Accessibility links

Breaking News

US Doubts Iran Canceling Nuclear Program

A U.S. official told Congress Thursday there is no evidence Iran is giving up what Washington believes is a nuclear weapons program.

The comments by undersecretary of State for political affairs, Nicholas Burns, to the Senate Foreign Relations Committee come as European and Iranian negotiators prepare to discuss the issue Tuesday.

"We see no sign that Iran has made the necessary strategic decision to abandon its nuclear ambitions," said Mr. Burns.

The foreign ministers of France, Britain and Germany, along with EU foreign policy chief Javier Solana, are to meet with Iranian officials, most likely in Brussels.

The three European countries called the meeting after Iran announced it would resume uranium conversion work, a move that would violate a November accord on freezing nuclear fuel work.

Mr. Burns says U.S. allies have given assurances they would deny Iran's nuclear ambitions and would seek consequences if Tehran violated the November agreement.

"Our European partners made clear that Iran must provide objective guarantees to demonstrate that it is not pursuing a clandestine weapons program under the cover of a civilian nuclear energy program," he added. "On this point the bar for Iran must be set very high because of its history of deception, which has undermined the trust of the international community."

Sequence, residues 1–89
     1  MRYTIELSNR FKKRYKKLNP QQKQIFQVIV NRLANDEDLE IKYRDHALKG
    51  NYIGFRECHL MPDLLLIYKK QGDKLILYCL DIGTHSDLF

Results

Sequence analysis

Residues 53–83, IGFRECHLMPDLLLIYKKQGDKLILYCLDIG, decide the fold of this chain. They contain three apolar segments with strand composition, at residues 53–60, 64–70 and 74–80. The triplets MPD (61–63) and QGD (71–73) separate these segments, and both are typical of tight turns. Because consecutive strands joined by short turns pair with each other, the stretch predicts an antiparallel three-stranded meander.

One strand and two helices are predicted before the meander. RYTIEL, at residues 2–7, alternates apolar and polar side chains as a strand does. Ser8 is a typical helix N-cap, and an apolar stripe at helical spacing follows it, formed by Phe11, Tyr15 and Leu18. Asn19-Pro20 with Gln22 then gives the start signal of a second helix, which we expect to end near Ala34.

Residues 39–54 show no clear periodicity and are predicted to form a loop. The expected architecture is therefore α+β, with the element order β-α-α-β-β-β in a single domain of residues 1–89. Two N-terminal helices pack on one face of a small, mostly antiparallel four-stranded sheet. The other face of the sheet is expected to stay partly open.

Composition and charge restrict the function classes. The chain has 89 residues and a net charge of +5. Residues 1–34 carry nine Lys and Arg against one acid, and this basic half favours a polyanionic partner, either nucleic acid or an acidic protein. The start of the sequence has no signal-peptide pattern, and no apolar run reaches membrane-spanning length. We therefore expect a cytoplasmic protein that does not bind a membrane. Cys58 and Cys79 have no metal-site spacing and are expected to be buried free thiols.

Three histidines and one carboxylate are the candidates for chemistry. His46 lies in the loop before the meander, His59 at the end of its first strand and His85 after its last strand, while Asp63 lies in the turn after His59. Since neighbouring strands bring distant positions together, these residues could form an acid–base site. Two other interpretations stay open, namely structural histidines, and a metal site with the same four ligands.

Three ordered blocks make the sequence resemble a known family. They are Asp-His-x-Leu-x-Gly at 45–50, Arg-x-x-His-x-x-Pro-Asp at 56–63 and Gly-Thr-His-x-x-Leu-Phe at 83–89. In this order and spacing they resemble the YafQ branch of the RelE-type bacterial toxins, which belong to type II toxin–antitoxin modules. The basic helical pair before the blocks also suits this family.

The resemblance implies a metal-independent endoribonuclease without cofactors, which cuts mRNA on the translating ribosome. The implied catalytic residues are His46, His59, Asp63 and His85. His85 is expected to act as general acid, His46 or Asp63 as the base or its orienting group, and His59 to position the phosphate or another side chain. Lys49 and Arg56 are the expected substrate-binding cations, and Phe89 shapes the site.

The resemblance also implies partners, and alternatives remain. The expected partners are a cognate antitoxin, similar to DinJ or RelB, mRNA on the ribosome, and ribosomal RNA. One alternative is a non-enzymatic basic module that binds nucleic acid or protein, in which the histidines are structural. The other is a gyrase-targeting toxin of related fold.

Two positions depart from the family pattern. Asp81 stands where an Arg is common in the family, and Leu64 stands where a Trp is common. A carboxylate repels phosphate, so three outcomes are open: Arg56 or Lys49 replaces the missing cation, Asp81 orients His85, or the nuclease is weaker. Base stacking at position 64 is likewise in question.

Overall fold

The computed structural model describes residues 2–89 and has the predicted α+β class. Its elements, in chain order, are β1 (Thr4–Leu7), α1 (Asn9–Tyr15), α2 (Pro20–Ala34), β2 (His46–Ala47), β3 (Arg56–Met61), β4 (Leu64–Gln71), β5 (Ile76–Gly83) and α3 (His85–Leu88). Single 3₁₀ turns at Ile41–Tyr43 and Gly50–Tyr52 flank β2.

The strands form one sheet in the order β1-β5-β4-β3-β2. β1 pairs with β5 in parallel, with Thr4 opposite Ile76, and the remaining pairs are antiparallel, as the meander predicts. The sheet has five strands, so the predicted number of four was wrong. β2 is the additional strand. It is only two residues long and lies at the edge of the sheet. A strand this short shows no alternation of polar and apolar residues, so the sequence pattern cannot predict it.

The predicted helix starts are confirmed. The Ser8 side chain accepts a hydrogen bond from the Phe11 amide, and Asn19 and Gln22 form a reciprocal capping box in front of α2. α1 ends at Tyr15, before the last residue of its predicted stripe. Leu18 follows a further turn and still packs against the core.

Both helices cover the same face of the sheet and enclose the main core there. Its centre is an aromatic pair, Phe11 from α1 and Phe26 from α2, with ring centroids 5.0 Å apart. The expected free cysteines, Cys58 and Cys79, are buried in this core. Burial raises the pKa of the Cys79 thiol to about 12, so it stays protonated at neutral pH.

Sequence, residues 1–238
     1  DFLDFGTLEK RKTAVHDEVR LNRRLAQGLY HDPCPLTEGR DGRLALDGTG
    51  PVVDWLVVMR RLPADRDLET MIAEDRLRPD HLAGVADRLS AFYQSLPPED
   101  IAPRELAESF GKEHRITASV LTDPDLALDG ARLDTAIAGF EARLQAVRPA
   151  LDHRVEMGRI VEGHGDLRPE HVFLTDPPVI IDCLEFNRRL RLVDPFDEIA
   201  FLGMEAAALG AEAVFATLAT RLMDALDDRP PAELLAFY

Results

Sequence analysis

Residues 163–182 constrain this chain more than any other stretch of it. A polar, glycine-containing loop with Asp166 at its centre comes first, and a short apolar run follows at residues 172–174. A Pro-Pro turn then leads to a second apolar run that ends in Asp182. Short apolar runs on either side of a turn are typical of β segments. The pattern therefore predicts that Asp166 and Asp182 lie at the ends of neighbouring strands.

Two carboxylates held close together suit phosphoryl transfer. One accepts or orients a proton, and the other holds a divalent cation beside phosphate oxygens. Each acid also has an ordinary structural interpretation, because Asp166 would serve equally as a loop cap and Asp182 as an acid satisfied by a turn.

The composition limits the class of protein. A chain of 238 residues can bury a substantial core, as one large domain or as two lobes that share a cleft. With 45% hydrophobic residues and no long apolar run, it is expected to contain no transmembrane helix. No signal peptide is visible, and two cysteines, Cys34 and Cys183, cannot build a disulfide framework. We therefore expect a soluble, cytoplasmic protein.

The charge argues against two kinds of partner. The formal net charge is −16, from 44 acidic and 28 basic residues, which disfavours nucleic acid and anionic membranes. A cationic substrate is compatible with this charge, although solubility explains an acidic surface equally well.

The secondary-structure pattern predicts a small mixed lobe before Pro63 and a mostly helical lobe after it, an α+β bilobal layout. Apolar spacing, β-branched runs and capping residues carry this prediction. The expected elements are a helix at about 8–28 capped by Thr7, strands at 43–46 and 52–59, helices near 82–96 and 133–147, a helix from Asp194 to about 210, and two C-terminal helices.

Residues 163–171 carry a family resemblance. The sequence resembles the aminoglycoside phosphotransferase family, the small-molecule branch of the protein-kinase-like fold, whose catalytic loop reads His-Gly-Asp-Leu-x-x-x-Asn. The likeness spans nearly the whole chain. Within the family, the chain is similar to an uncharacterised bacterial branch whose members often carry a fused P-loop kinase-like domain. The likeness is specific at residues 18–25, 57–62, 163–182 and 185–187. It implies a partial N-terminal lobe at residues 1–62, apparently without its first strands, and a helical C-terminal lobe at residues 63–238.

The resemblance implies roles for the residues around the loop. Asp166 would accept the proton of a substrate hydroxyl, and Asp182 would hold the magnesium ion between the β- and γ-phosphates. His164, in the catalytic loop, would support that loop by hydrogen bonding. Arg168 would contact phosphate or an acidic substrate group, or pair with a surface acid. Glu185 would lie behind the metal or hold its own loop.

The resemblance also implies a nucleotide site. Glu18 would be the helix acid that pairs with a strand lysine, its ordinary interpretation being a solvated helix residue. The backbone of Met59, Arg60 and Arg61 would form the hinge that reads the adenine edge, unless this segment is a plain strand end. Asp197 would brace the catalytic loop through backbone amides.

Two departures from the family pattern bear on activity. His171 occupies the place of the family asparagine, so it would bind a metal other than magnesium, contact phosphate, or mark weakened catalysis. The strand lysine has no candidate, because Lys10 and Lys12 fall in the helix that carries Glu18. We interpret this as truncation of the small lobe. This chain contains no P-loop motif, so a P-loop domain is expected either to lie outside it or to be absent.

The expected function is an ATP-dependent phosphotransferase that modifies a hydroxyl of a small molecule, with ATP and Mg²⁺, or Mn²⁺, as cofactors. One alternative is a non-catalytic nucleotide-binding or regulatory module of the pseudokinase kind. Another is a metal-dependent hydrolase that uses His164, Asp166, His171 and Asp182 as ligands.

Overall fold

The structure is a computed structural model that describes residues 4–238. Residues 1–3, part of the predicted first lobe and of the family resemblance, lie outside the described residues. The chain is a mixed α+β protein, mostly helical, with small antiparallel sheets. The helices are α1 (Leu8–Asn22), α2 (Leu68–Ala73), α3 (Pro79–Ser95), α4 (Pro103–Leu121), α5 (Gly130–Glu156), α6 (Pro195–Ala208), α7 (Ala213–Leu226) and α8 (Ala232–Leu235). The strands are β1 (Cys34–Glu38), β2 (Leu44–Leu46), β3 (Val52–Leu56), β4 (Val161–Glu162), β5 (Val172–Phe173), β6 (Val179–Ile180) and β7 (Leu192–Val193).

Iran has agreed to suspend its nuclear activities, which it says are only aimed at generating electricity, pending the outcome of next week's talks.

Mr. Burns had a message for Iran going into the negotiations:

"Adhere to the Paris agreement, maintain suspension of all nuclear-related activities, and negotiate in good faith the eventual cessation and dismantling of all sensitive nuclear fuel cycle activities," he said.

France, Germany and Britain say if Iran resumes uranium enrichment, they will support the United States in seeking U.N. Security Council action against Tehran.

In the U.S. House of Representatives, Congressman Jim Saxton, a New Jersey Republican, introduced legislation calling for Security Council action against Iran if it resumes its nuclear program.